In the latest example (“Tibi warns of ‘declaration of war’ if illegal Beduin village is destroyed,” March 31), you quote Joint List MK Ahmad Tibi as saying: “Destroying Umm al-Hiran would be a declaration of war against Arabs of the Negev.” This statement is an unambiguous call to arms against what the Supreme Court of Israel has judged to be an entirely legal action to demolish illegal construction in an unauthorized Beduin town.

In a unanimous decision of the US Supreme Court, justice Oliver Wendell Holmes (Schenck v. United States) wrote: “The most stringent protection of free speech would not protect a man falsely shouting fire in a theater and causing a panic.” By maliciously claiming that a legal decision is a declaration of war, Tibi is falsely encouraging a violent response, which constitutes a clear and present danger. The free speech defense does not apply.

The abuse of this privilege is not restricted to Tibi. Other prominent leaders who should know better, including Jews and non-Jews, right-wing and left-wing, should be prosecuted accordingly. Failure to do so has created an environment of lawlessness that is intolerable in a democratic state.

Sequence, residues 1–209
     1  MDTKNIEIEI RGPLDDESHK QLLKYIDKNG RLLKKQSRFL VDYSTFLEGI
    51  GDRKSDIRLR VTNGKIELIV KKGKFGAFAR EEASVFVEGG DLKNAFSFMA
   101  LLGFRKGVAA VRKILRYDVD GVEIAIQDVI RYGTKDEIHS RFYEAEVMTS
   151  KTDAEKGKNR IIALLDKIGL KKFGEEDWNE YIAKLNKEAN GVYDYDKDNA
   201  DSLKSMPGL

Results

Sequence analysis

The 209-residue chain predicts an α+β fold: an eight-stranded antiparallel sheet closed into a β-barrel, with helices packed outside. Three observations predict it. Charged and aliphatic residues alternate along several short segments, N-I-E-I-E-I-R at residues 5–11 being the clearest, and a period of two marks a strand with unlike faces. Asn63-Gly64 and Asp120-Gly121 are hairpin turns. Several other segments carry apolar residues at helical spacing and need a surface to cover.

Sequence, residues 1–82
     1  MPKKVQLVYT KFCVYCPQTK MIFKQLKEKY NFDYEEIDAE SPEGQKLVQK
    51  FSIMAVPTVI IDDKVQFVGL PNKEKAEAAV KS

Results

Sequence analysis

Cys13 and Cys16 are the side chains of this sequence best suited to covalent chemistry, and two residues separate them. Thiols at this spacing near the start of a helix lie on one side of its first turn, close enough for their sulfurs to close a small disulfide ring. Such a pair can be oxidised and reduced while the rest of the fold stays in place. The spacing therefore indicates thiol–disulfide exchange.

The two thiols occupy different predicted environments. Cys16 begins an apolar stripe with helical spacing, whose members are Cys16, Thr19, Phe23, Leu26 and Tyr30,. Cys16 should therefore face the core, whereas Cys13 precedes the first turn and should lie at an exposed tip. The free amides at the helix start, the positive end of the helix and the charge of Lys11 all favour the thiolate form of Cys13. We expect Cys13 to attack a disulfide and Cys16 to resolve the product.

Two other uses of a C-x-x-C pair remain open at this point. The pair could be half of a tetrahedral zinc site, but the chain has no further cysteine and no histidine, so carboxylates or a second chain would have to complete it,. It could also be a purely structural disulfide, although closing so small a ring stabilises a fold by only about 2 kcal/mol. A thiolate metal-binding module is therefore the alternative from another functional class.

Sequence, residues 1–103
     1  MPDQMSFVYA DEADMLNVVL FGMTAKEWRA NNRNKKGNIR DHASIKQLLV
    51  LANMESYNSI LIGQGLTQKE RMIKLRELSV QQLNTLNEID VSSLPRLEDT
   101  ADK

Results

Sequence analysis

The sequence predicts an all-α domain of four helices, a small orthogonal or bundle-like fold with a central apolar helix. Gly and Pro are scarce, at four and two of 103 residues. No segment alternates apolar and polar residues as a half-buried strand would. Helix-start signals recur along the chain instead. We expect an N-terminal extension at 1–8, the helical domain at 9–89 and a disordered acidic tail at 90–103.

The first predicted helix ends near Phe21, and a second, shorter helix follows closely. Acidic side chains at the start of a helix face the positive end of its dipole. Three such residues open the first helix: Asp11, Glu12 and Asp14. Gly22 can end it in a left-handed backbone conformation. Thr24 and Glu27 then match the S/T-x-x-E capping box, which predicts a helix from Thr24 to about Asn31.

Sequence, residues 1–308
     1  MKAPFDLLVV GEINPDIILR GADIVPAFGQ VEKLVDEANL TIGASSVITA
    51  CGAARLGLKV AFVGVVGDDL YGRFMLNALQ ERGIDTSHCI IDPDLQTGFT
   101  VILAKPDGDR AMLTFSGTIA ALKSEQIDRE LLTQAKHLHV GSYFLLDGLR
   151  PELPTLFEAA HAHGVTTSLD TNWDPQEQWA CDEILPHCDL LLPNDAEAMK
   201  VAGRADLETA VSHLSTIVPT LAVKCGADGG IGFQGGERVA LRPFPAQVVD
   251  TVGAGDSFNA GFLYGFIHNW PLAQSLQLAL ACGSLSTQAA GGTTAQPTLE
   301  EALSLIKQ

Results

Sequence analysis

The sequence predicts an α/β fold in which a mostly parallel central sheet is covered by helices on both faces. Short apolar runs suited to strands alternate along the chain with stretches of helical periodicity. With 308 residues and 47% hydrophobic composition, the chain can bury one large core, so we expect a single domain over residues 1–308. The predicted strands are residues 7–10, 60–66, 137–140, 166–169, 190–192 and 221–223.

HARVEY LITHWICK
Meitar

No coverage

I am wondering why your newspaper failed to report on the arrest in the Netherlands of French journalist Florence Hartmann, the former spokeswoman of the international criminal tribunal for former Yugoslavia at the International Criminal Court (ICC) in the Hague, as reported recently in the Guardian.

The Guardian states: “Hartmann served at the tribunal as spokeswoman for and adviser to its prosecutor’s office. In her 2007 book Paix et Châtiment (Peace and Punishment), she revealed that documents that proved Serbian complicity in the Srebrenica massacre had been sealed by the tribunal....

Her lawyer... described her situation as a disgrace....

"Florence is in solitary isolation, totally segregated on what is called suicide watch, which in practice means that the light is on 24 hours a day and she is checked on every 15 minutes.” I am sure that if an arrest of this sort happened in Israel, the ICC, the United Nations and the world press would be screaming from the rooftops about our barbaric behavior.

Why do we let them get a free pass and accept their slander? Do you not feel some sense of responsibility for delivering the “sauce for the gander?”

HENRY KAYE
Ashkelon